I very much favor the raster charts (which are free for U.S. charts) because they are EXACT copies of the real paper charts, which I keep close at hand as well.
Vectors are free too.
I will not buy a chartplotter unless and until someone comes out with one which will take raster charts. The vector charts on all chartplotters today leave me cold -- they don't look like "the real thing", they don't include loads of shore detail which are useful for navigation, and they may/do contain errors which were introduced during the digitizing process.
If you're going to wait until they make a plotter that read rasters, then you're never going to get one.
...doesn't matter to me though.
There is only one problem with raster charts, and that is how often they are updated. Since rasters are just scanned copies of real charts, a raster is not updated until the real chart is updated...and in many cases that can be 'years'. Not so with vector charts. Vector charts are updated very regularly, many charts being updated weekly. If the real chart had an error in it, the scanned raster chart will have the error also. Since the real chart is used in the digitizing process in making the vector chart, any error in the real chart will also be transfered to the vector chart...but the error can be corrected and distributed much faster than with a raster chart. Another limitation between rasters and vectors is the amount of information contained contained in the file, where vectors have huge amounts of information contained in them that can be updated anytime. [/QUOTE]
Yeah, I know all about the "virtues" of vector charts but I'm not convinced.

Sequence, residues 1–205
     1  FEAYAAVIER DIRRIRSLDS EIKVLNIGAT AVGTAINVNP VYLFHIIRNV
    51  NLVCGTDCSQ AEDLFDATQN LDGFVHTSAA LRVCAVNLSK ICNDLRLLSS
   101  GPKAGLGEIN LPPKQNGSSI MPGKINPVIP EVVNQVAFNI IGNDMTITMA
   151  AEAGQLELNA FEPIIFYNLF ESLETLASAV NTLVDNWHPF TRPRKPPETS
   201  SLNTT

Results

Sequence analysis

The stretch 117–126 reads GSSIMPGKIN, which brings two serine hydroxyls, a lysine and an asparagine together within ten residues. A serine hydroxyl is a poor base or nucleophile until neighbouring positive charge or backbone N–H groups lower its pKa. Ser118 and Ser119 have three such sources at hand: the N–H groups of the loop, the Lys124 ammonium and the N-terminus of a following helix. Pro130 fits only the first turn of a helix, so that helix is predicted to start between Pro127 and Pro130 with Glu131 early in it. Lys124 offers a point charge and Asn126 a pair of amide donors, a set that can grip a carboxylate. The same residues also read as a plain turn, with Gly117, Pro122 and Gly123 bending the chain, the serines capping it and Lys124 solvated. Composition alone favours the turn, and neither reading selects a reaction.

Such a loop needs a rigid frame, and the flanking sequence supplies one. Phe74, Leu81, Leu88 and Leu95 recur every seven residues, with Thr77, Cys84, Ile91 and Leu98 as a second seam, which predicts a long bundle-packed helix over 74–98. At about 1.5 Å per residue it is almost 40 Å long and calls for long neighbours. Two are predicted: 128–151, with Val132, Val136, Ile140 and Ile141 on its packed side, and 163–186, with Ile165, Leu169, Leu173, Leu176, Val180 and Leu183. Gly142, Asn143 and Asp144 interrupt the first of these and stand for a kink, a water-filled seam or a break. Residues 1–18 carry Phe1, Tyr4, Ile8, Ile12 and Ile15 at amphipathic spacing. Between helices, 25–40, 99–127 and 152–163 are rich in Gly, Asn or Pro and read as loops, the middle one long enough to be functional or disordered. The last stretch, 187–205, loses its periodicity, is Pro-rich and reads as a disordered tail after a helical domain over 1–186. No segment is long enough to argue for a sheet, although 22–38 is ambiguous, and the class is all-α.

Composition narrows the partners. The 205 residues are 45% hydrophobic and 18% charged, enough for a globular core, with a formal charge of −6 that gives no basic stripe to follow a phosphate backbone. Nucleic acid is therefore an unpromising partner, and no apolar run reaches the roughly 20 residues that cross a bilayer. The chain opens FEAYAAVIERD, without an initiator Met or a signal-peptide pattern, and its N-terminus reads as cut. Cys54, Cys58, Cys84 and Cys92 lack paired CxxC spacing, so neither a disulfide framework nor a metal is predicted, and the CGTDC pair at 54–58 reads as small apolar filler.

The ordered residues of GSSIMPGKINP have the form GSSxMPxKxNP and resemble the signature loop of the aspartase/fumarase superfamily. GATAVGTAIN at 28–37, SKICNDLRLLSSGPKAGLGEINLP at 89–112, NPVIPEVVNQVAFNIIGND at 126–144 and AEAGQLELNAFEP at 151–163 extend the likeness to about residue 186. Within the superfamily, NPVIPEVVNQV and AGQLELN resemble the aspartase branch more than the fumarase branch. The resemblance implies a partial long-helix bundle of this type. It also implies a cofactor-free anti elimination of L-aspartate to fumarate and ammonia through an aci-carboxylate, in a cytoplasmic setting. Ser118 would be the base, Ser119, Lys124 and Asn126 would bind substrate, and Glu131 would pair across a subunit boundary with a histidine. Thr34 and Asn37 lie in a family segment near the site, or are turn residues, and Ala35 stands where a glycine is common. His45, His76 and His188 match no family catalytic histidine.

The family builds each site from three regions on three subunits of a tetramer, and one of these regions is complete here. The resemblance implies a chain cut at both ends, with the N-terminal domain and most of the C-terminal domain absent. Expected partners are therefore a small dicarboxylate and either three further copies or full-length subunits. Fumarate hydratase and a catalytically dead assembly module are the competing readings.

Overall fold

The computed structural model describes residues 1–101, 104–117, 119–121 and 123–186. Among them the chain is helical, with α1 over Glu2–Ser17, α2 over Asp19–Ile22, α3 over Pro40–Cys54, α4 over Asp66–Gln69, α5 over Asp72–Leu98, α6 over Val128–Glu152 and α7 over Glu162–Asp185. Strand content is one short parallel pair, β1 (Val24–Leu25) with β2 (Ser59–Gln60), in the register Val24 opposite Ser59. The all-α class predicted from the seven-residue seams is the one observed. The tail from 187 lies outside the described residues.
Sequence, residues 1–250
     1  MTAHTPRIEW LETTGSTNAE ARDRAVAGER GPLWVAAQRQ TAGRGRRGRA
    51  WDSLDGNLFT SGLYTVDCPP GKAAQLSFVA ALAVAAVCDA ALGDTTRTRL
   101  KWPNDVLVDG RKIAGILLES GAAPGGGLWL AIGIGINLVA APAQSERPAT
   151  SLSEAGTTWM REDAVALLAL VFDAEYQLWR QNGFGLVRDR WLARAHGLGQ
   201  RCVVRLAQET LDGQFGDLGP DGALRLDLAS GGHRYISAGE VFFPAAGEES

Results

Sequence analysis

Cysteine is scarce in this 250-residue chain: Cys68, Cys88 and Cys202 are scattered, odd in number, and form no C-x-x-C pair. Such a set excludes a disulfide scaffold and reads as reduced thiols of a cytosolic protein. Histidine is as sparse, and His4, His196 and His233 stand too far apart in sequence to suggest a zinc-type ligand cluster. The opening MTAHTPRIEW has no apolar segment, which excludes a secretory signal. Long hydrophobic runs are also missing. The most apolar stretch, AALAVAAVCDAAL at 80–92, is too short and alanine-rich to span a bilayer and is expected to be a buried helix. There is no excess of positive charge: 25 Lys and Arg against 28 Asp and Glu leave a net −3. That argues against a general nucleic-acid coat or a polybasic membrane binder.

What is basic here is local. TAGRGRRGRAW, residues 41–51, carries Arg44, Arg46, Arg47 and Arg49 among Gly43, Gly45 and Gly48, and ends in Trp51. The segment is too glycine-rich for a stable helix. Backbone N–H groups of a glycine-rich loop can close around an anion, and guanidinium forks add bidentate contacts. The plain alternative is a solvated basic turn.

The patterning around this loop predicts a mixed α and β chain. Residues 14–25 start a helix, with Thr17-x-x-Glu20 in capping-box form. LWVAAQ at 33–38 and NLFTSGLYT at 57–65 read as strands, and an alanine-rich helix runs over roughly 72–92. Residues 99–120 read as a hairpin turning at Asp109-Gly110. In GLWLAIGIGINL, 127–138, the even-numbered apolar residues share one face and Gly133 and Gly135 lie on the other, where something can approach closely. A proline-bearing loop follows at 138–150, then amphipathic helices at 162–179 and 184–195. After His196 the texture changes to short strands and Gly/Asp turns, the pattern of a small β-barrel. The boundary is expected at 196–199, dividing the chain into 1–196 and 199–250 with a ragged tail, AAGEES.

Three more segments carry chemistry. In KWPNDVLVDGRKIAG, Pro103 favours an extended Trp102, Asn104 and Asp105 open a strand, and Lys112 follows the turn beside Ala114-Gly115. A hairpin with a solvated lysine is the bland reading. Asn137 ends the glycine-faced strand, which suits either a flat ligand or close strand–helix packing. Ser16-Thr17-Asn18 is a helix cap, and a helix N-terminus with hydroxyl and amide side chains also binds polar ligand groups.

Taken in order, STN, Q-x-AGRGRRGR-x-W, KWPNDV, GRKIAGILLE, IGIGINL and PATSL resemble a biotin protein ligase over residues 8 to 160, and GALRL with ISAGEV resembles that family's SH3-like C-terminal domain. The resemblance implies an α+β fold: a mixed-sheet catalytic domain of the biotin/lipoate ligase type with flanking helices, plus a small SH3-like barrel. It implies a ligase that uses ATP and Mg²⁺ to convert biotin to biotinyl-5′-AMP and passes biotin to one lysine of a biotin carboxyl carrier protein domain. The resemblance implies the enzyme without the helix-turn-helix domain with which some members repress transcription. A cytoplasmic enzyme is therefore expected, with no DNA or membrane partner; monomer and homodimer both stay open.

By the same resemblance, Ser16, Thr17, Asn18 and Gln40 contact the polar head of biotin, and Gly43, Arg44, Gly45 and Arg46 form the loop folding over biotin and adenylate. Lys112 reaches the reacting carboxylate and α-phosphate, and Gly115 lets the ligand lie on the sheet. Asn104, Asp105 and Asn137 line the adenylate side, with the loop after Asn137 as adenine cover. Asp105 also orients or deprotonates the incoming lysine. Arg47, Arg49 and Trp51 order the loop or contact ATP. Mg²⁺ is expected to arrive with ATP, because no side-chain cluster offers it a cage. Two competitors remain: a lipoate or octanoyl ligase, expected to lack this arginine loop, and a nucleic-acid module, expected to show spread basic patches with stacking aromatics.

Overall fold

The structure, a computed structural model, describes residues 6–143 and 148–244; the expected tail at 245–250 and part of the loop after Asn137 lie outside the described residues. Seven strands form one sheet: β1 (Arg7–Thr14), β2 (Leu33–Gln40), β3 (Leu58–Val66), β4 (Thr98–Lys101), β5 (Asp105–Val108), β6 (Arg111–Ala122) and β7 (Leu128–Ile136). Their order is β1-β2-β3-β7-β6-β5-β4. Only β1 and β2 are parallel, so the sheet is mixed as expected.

Reminds me of the old saying "You can drag a horse to water but you can't make them drink."
My laptop chartplotter is powered by a Furuno GP31 at the nav station. I have three identical ones, all programmed exactly the same way with waypoints and routes from Maine to the Eastern Caribbean. One of these is mounted at the helm. The third is a backup.
I, too, can see the plotter from the cockpit. Several years ago I experimented with putting a remote LCD screen in the cockpit. No matter where I moved it, I found it to be VERY distracting. Further, it absolutely spoiled my night vision -- I like to sail at night -- no matter how low the screen brightness was set.
Plotters can be distracting until you get used to them, and only use them for general reference while you're manning your post. If the brightness of the plotter bothers a person's vision at night, they can either turn the brightness down or turn the display off while at watch...the plotter will still be on with the display off.
Finally, I agree completely with the comment that nothing beats a laptop chartplotter for planning purposes. It has become essential to my style of sailing.
BTW, I have an identical setup on my home/office computer -- Offshore Navigator and all the charts. This allows me to do planning, checking, etc. in comfort on a big screen, save the results, and transfer them to the laptop and the GPS.
I agree that they are great for pre-planning.
Old Curmudgeon & Navigation Instructor :-)